5

I have not been able to find this answer, because most of the talk is about the content of communications, but my question is:

Can a government intelligence agency somehow see who I am communicating with over WhatsApp? So generally, I know if I message Bob, they cannot see what I sent, but can they somehow see that I have messaged Bob?

I am asking a 'general' question regarding the published security protocols of WhatsApp, whether it is known or unknown to protect that specific information. I do realize that the intelligence potential of the US government, for instance, is, but in terms of a 'general' type of surveillance, is this probable?

From a technical perspective, it sounds like the metadata is only available by warrant, so if it were a government (other than US or UK) could not produce a legitimate warrant, then would it be safe to say that that information would not be accessible to that government? Most of the conversation around this assumes the PRISM program or a legitimate warrant, but if those are missing, is that data still somehow accessible?

2

The conservative answer to this question has to be yes. The key is to understand that even if Whatsapp's encryption and message authentication are sound, and they protect not just the message content but also the application-level metadata, that doesn't protect against all possible forms of traffic analysis.

An agency that eavesdrops on the Whatsapp servers's network traffic can see the IP addresses of incoming and outgoing packets. Encryption protects the packets' payloads' contents, but not their sizes or times. If the agency can connect Alice and Bob to specific IP addresses, and they suspect that they are using Whatsapp to communicate, it could try to test that hypothesis by correlating the times and sizes of the packets that their IP addresses send to Whatsapp servers with those of the packets from the Whatsapp servers to the other party. I'm not the only one to have reached this conclusion:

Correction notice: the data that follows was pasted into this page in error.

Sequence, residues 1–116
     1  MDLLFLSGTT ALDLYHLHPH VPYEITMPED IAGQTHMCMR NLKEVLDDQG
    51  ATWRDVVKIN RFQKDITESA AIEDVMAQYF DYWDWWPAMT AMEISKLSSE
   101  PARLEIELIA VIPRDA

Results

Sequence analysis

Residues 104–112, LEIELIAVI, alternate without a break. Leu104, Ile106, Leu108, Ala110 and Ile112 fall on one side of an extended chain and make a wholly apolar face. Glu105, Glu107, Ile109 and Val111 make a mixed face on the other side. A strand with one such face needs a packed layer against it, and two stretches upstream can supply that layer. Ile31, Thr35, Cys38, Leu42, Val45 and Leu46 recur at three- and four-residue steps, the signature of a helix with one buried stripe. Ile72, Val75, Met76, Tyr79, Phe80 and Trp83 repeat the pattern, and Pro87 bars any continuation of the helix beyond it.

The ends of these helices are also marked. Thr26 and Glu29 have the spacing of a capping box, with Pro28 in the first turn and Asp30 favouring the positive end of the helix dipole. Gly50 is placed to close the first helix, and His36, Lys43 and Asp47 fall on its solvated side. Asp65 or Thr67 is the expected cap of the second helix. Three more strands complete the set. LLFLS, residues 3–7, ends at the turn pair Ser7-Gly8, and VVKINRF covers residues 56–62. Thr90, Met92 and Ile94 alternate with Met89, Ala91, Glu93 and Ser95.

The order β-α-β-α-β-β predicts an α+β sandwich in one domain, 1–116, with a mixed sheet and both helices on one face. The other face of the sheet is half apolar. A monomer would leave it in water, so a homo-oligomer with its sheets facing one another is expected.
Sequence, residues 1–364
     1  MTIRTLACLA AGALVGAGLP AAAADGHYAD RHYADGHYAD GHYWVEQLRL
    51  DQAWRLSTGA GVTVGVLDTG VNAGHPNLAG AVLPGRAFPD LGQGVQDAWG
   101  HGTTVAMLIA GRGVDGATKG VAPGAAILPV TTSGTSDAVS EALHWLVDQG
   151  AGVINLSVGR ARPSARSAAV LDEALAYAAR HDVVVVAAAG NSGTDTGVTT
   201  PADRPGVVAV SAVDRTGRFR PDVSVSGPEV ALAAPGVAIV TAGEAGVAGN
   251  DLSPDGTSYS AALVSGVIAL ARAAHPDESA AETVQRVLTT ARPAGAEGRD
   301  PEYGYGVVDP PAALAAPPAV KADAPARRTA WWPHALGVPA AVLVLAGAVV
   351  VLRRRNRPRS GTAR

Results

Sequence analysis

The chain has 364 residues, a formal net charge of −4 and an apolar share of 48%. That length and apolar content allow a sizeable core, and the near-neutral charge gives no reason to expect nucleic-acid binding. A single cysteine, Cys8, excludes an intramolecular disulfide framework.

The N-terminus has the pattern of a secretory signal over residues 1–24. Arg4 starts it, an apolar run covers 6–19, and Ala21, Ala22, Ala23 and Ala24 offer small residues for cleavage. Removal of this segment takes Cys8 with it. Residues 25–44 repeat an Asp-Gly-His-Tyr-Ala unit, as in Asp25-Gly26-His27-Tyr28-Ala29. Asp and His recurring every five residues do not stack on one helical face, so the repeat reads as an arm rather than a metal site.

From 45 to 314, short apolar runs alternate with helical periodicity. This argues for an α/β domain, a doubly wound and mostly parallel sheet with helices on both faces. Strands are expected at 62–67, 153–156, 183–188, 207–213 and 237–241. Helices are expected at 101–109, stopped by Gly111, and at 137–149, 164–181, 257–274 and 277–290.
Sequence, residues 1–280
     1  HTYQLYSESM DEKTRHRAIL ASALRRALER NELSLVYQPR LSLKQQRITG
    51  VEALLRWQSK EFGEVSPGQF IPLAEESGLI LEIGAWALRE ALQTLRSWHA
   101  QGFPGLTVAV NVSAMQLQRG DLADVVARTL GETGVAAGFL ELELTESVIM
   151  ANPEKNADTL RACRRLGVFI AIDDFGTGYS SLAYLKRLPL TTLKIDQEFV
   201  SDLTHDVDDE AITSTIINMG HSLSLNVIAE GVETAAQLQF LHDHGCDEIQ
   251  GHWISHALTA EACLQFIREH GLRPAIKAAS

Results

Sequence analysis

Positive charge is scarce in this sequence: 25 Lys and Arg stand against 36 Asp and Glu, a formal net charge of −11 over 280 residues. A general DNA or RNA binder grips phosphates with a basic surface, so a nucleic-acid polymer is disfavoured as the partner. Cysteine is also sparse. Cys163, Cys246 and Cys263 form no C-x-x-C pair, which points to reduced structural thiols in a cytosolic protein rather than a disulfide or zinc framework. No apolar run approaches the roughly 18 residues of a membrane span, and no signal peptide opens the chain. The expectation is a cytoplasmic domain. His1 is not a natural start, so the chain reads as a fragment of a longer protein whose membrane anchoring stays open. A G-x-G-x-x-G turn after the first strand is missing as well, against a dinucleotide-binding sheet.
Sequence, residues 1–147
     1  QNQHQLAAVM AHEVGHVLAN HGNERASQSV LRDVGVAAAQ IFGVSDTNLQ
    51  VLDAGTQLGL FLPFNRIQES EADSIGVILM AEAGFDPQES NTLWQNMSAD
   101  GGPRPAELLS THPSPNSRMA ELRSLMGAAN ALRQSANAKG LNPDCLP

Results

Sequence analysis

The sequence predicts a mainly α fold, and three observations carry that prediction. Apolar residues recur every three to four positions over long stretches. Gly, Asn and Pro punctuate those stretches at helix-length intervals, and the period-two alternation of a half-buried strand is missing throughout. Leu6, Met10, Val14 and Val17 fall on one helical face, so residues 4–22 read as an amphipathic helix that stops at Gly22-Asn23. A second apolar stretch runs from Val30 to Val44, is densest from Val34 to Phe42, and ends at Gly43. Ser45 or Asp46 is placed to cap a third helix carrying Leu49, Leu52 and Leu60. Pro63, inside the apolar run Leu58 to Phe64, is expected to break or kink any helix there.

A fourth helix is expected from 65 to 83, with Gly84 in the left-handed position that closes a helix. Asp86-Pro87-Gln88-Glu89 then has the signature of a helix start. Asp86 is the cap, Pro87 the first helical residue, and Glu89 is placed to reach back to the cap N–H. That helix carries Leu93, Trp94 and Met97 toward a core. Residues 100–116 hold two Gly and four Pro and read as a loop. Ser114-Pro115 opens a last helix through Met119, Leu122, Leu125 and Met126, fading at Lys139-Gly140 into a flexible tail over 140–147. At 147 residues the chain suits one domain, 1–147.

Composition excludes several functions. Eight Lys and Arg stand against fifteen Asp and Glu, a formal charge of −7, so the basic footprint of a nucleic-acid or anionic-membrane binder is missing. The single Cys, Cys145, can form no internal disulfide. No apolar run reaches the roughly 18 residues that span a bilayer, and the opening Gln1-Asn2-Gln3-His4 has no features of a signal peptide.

For every messaging app built on mobile operating systems the supporting infrastructure is able to see the message traffic flows. This metadata is sufficient to conduct traffic analysis and build social network graphs. Strong encryption, and Signal has the best encryption available, only provides confidentiality. Mobile messenger apps provide no anonymity. Worse, the apps’ accounts and associated devices are frequently very strongly connected to a real personal identity through phone numbers.

Even using the most secure privacy conscious mobile messaging app — Signal — there’s still plenty of data for SIGINT.

We can't rule out that techniques for doing this might scale up to support "big data" analysis of traffic, so that the agency might not even need to deliberately target Alice and Bob to discover that they are talking through Whatsapp, but rather discover it from routine analysis of untargeted data collection products.

4

Yes, says Forbes:

Hence one order (published below) sent to WhatsApp in May 2016, a month after the full rollout of end-to-end encryption was complete. [...] The date, time and duration of comms would be recorded, as would the numbers involved.

However, this article on Softpedia indicates that historical metadata is encrypted:

As it stands right now, if the FBI would want access to any encrypted WhatsApp data or metadata, Facebook looks poised to put up a fight, just like Apple.

WhatsApp necessarily has the metadata of who communicates with whom, and being a US company they have no choice but to cooperate with warrants that order them to turn over the data.